Show such as the Great British Bake Off have inspired a new generation of ‘cake-preneurs’, according to new data from Simply Business, the UK’s largest online business insurance broker.
The company reports it has seen a 54% increase in quote requests from start-up cake making businesses this year and a 325% increase since 2009, as bakers try to emulate the success of recent Great British Bake Off winner, Jo Wheatley; and the star of BBC show Baking Made Easy, Lorraine Pascale.
The figures are based on over 250,000 quote requests received by Simply Business so far this year, of which 2,139 were from new cake making businesses, up from 1,459 at the same time last year and only 370 in 2009. Cake baking is now the 18th most popular start-up business idea, up from 27th last year.
Ninety one per cent of the ‘cake-preneurs’ are women, however there has been a slight increase in male bakers, from 8% in 2010 to 9% this year. The majority of cake businesses are being started by those in their 20s and 30s, with 42% of those starting a cake business falling between the ages of 25 and 34 and a third (32%) between 35 and 44.
Jason Stockwood, CEO, Simply Business, said: “As Simply Business quotes thousands of businesses every week we can quickly spot start-up trends and see which are increasing or decreasing in popularity. With resurgence in home baking due to shows such as the Great British Bake Off, it was only a matter of time before we saw this impact the start-up business market. It is also interesting despite the recession and subsequent tightening of belts, there is still a market for the little luxuries.”
Elsa Santana, aged 34, set up her cake making business, Let it be Cake (www.letitbecake.co.uk), in August 2011 after leaving her career in IT to start a family. Talking about her experience Santana said: “I’d been baking cakes for friends and family for years and three months age decided to take the plunge and launch Let it be Cake as a proper business. Recent TV shows like Cake Boss and The Great British Bake Off definitely acted as an inspiration and catalyst for my business plan – making me realise that there was a real appetite out there for bespoke cakes like mine. Cakes have become an artwork and more people are looking for the tastes and smell of homemade but with a perfect artistic finish, especially for special occasions, which really takes a professional touch to master.
“Cake making offers an appealing business model especially to mums like me as it allows you to work from home in a very creative industry and, most importantly, to control the hours you work. It’s very rewarding seeing the appreciation on your client’s face and makes long hours of fiddly cake decoration worthwhile. Cake makers tend to have a very local customer base so even though there is lots of competition out there, you can carve a niche in your local area.”
Robin Campbell, age 30, left a career in banking to start up her cake making business, of Cakes by Robin (www.londoncake.co.uk), in 2008. Campbell said: “TV Programmes like The Great British Bake off are fueling interest in baking, which can be both a blessing and challenge for shops like mine. People are starting to see baking as something that they can do at home and so are becoming more interested in buying baking utensils rather than the finished product. However it’s all about playing to your strengths and finding the opportunity in cultural shifts. I specialise in bespoke wedding cake design so am less threatened by home baking. I also now run cake decorating classes from my shop, which really taps into the nation’s renewed enthusiasm for home baking.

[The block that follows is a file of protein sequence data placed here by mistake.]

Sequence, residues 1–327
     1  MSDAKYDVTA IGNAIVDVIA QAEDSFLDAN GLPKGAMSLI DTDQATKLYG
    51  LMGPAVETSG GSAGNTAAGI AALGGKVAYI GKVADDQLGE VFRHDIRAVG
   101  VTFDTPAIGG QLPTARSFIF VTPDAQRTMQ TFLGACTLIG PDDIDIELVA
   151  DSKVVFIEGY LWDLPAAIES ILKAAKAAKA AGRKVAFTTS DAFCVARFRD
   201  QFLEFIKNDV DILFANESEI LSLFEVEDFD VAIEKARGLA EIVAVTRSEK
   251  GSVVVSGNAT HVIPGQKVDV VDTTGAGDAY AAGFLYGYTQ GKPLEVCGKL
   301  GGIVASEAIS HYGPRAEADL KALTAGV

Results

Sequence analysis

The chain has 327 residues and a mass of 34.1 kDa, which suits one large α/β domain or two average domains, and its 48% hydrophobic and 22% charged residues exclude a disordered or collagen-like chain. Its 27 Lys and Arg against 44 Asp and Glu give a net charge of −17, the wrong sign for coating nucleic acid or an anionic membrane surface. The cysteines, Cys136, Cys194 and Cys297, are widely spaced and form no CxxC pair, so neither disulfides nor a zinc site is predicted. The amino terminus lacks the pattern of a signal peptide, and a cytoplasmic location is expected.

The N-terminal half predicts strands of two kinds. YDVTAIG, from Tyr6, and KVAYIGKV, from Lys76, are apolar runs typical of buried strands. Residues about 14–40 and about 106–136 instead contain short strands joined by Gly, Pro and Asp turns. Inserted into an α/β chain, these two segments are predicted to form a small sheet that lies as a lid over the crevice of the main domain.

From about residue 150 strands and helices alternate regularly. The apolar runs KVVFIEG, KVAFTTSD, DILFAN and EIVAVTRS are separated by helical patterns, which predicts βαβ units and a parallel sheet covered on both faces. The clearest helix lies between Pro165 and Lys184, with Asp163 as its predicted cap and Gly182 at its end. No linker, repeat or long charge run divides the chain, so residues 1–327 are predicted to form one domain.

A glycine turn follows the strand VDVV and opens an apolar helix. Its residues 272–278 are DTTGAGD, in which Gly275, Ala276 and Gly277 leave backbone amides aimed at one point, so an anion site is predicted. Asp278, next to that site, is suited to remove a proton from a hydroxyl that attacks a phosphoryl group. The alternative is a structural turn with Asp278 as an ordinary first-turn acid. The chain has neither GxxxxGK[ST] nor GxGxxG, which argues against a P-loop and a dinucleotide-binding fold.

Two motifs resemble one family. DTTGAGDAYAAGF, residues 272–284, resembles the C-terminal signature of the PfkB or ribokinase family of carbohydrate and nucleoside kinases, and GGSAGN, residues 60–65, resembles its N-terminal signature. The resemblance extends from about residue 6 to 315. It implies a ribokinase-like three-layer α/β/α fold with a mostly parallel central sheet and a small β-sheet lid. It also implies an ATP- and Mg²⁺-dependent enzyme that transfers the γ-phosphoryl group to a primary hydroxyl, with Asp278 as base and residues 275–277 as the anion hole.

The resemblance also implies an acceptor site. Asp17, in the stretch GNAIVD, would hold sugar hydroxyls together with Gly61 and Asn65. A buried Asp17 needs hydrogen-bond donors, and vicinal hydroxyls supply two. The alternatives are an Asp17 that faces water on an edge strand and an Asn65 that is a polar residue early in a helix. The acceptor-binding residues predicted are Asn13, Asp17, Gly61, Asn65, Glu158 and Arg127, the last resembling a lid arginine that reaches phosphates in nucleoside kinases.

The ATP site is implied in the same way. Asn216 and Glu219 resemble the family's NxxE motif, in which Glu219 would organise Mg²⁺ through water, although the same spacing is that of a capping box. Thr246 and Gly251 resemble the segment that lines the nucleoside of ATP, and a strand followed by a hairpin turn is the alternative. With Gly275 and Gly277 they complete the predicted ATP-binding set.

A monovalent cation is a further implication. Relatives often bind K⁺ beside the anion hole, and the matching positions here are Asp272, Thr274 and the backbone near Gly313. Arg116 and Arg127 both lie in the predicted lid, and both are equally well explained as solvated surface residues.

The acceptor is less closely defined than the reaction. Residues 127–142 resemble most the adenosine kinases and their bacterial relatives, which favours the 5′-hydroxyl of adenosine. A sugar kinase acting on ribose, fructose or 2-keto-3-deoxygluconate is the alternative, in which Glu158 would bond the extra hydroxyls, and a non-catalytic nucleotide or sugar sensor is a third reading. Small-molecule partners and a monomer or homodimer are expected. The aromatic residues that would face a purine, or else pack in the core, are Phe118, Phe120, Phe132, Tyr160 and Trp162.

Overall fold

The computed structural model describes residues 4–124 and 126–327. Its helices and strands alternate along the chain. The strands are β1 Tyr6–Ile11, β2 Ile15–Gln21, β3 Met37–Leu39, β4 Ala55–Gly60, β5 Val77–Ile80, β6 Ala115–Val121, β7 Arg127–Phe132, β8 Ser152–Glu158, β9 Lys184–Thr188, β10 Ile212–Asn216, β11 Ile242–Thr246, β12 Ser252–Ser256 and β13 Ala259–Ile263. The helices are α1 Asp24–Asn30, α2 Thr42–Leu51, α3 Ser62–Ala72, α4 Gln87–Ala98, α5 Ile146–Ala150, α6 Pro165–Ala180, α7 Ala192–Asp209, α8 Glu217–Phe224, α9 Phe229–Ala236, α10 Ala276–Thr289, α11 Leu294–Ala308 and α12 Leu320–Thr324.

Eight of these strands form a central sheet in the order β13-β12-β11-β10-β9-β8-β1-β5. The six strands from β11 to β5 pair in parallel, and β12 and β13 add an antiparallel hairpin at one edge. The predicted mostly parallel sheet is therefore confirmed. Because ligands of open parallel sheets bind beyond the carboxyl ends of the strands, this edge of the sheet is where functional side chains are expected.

“Cake making is a great business to be in – it’s creative and you meet so many lovely people. Buying a cake is a joyous occasion for most people so you’re seeing people at their most happiest and helping to facilitate those moments. The down side is that in running your own business you have to work for every pound, and the lack of a stable salary can be stressful.“
Top tips for a successful Cake business:
1. Start small and build up a loyal customer base rather than biting off more than you can chew at the outset. Cake making is easy to do from home and then you can build up to acquiring premises or a shop once you are established
2. Start local, advertising your business through leafleting and word of mouth. It’s also worth contacting local businesses to see if they ever need cakes for events or meetings
3. Sample and sell your products at local markets and events to start building your reputation
4. Create a website with plenty of pictures of your cakes, clear pricing information and location details to attract customers
5. Use social media sites like Facebook and Twitter to encourage friends and family to recommend your services and reach new customers
6. Local partnerships can help reach high potential customers. Team up with local wedding and birthday venues to offer discounted cakes to their customers. Partner with other local businesses such as florists, delicatessens and gift shops to pool your customer bases by recommending each other’s services
7. Offer free delivery and bulk discounts to local customers
8. As when starting any business it’s important to “dot the ‘i’s and cross the ‘t’s – make sure you are on top of the paperwork including health and safety regulations and having the right insurance. Businesslink.gov.uk and the Food Standards Agency provides lots of information on what to think about and can put you in touch with any support you might need. Your local borough council is also a good place to go for business advice.